It seems clear from the contrast between repeated declarations in Moscow and events on the ground that only the Russian armed forces will decide when they will pull back from forward positions to the permanent bases they are now establishing within the unaccountably wide "security zones" that they have been constructing with peremptory haste outside the territories of secessionist South Ossetia and Abkhazia in order to separate them physically from the rest of Georgia.
Western investors who had been undaunted by the expropriation and judicial persecution of former Yukos chief Mikhail Khodorkovsky, and who even watched Western businessmen get analogous, if gentler, treatment, all the while believing that it would never happen to themselves, might suddenly find greater doubt assailing their complacency.
It is an open question whether the invasion of Georgia will either retard or altogether cancel consideration of Russia's application for membership of the World Trade Organization. Aside from that, it is not out of the question that the non-Russian members of the G-8 group of leading industrialized nations (the others being the US, UK, Japan, Canada, France, Germany, and Italy) will dissolve the moveable feast and then resurrect themselves minus Russia.
Despite Russia's significance as an energy power, and despite academic studies (even by Russian government advisors) of abstract economic "systems" rather than national economies that physically exist in time and space, Russia's economy is quite unlike those of the other seven members of the G-8. All the popular comment, magazine articles and even books about "capitalism, Russian style" amount to no more than an embarrassed disclaimer of this fact. Russia's membership of the group was really a feel-good "join the club" gesture insisted upon by US president Bill Clinton for his friend, then-Russian president Boris Yeltsin.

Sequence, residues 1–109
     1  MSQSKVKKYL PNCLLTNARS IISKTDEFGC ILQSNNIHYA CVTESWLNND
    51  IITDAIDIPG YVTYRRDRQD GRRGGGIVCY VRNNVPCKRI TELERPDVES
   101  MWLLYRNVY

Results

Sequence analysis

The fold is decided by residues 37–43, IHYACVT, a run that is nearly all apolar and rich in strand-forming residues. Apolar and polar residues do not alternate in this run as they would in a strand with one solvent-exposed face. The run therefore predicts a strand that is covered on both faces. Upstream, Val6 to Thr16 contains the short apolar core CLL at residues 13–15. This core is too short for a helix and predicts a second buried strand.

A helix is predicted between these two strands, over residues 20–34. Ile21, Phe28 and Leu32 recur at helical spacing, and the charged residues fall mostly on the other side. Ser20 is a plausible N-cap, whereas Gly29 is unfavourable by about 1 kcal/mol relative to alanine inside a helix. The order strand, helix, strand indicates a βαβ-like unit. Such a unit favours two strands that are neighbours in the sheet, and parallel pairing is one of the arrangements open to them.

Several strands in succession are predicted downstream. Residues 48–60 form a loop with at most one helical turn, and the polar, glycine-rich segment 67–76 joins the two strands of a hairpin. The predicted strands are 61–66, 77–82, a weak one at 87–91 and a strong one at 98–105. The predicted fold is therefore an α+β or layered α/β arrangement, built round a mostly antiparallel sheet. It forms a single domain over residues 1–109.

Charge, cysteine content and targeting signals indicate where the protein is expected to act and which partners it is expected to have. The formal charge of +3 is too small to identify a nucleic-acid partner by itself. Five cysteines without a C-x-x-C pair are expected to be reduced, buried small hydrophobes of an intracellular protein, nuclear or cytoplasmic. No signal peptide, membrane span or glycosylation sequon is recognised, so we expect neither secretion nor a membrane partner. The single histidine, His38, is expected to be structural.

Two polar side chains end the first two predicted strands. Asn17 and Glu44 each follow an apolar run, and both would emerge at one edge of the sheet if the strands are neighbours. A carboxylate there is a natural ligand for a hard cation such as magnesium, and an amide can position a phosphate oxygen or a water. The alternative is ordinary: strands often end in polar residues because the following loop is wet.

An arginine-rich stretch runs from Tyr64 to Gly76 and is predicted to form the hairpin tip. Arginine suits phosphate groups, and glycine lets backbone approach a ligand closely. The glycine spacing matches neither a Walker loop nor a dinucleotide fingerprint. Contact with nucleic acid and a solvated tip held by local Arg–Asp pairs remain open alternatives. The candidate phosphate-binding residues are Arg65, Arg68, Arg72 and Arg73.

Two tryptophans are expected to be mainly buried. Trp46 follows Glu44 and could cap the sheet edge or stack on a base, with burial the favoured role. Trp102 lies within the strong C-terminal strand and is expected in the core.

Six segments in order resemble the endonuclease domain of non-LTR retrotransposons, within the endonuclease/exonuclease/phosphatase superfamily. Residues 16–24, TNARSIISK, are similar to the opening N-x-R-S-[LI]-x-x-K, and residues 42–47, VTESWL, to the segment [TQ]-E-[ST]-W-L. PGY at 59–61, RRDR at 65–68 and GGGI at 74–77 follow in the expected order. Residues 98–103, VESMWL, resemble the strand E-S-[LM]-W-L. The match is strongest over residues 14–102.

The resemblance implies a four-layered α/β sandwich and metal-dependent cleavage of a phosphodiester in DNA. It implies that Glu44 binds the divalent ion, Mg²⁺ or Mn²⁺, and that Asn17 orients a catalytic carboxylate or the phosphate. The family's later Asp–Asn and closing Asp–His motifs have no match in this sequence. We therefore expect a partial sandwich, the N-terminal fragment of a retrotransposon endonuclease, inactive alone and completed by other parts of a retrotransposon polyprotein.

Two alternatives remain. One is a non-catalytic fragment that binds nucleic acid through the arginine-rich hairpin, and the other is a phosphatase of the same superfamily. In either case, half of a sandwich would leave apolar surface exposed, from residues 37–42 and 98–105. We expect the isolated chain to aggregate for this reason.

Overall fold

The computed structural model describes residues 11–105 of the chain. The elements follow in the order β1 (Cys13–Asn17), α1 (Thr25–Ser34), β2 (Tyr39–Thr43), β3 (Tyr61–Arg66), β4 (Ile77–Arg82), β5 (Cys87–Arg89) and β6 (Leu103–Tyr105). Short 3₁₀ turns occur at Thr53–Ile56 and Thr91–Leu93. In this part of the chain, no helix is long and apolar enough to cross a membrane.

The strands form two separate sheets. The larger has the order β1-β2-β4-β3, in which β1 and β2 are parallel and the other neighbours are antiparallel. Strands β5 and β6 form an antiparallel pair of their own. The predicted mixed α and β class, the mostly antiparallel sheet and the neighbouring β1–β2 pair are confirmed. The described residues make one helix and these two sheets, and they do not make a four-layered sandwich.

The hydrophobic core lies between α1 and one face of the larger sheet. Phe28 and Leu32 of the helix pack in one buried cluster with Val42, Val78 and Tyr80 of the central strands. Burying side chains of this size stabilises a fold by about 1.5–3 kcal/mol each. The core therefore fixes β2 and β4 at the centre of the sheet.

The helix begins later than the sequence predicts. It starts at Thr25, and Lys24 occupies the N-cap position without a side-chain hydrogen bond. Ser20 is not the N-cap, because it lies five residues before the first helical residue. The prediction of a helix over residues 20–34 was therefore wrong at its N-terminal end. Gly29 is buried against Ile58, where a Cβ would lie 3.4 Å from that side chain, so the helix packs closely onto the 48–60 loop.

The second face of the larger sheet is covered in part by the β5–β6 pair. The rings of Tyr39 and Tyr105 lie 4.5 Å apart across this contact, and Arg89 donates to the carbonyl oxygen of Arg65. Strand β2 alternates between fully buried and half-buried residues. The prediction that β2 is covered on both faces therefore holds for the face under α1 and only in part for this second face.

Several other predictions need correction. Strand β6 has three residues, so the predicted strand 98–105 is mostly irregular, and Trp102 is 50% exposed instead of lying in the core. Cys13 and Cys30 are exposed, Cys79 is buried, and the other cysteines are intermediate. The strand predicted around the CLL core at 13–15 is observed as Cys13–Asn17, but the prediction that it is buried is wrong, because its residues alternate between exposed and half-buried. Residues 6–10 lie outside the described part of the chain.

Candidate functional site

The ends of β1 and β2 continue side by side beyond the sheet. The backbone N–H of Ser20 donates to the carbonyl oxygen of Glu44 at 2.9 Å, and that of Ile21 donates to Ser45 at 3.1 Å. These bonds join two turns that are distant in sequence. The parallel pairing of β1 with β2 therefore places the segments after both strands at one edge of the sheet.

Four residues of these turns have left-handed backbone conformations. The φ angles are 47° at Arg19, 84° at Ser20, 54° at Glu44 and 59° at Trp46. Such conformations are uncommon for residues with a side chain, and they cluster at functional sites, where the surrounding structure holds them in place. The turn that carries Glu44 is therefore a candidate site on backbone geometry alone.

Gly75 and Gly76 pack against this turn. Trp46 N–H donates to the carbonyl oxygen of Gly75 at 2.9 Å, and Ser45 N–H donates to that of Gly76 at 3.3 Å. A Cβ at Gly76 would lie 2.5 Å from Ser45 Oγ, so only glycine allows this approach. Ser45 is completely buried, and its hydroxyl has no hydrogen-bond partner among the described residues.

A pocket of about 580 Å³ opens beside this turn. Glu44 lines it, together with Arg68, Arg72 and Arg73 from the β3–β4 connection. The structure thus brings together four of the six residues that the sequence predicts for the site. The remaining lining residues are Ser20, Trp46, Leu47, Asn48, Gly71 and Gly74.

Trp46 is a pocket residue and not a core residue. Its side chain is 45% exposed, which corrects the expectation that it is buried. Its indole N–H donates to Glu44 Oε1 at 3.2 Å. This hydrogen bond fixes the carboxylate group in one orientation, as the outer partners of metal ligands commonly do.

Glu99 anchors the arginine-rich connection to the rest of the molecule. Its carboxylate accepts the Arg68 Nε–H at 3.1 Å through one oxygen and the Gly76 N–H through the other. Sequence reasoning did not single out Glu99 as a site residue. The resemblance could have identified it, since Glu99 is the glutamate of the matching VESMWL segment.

Still, equity markets loathe uncertainty, and the Russian market is no exception. That is why there is unlikely to be any recovery in Moscow for at least a month or two. The MICEX range analogous to the RTS's 1,800-2,000 interval, mentioned above, runs from the high 1,400s to the mid/high 1,600s. Given its decline into the high 1,300s on the Thursday open this week, the MICEX has more ground to make up percentage-wise, and less momentum to start with, than the RTS, which is steady in the low 1,700s so far.
The RTS includes more highly capitalized industrial leaders than the MICEX, and they count the various natural resource sectors (mining and metals as well as oil and gas) that happen to be well represented. This is surely why the RTS has outperformed the MICEX since summer 2007 and fallen further faster in the last three months.
Just as in India, where we like to wait for the broader-based Nifty, which has more "local content", to confirm moves in the BSE Sensex 30, so in Russia we should wait for the MICEX to confirm any signals in the RTS.
Considering this, the Moscow equity situation is more ominous. If the RTS has not yet broken its support from May 2006, then the MICEX already has done so and is threatening to penetrate its February 2006 support (proportionally 12% lower). The Russian market could well be in for still rougher times over a longer term than people suspect.
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First published in Asia Times Online, 22 August 2008.